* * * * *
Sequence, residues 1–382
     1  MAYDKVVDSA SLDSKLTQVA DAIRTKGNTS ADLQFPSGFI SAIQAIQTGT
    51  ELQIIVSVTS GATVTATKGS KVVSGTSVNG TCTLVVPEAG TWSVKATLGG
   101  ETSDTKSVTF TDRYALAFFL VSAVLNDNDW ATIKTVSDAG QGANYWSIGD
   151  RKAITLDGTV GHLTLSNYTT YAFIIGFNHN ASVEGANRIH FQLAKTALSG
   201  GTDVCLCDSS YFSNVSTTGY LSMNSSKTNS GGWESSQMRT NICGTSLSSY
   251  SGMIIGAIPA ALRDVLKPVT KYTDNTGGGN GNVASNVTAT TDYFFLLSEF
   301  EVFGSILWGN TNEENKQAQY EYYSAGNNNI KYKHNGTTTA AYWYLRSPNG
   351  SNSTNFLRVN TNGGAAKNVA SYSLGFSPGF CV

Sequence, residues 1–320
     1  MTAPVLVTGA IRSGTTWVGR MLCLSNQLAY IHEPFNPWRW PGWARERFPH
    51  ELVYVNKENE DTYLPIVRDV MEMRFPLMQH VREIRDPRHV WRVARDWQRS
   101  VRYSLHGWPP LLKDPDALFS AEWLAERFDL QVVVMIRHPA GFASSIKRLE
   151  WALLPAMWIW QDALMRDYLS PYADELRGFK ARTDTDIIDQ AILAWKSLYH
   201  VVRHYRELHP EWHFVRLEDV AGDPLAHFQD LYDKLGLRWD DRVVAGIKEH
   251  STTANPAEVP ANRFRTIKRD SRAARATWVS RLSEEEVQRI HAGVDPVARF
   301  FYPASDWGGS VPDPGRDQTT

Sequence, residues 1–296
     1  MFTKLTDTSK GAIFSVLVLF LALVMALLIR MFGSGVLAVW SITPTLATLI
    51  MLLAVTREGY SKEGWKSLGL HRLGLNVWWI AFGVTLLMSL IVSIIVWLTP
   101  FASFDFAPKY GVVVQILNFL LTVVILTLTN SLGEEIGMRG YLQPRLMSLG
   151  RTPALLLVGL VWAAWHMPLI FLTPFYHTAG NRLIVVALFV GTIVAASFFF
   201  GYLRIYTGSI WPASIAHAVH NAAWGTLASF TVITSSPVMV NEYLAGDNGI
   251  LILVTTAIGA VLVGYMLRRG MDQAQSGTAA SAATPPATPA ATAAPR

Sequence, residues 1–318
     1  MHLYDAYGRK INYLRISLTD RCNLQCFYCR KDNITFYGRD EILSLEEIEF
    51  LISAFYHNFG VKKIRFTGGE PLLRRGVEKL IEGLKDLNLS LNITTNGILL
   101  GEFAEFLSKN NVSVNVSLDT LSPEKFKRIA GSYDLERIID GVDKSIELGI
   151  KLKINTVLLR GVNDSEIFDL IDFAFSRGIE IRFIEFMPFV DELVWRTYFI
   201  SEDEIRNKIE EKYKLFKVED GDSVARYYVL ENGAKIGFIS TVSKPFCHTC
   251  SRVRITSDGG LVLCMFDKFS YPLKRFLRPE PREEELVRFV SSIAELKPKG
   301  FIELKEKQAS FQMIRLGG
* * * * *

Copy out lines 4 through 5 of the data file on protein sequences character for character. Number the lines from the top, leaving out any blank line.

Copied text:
   101  ETSDTKSVTF TDRYALAFFL VSAVLNDNDW ATIKTVSDAG QGANYWSIGD
   151  RKAITLDGTV GHLTLSNYTT YAFIIGFNHN ASVEGANRIH FQLAKTALSG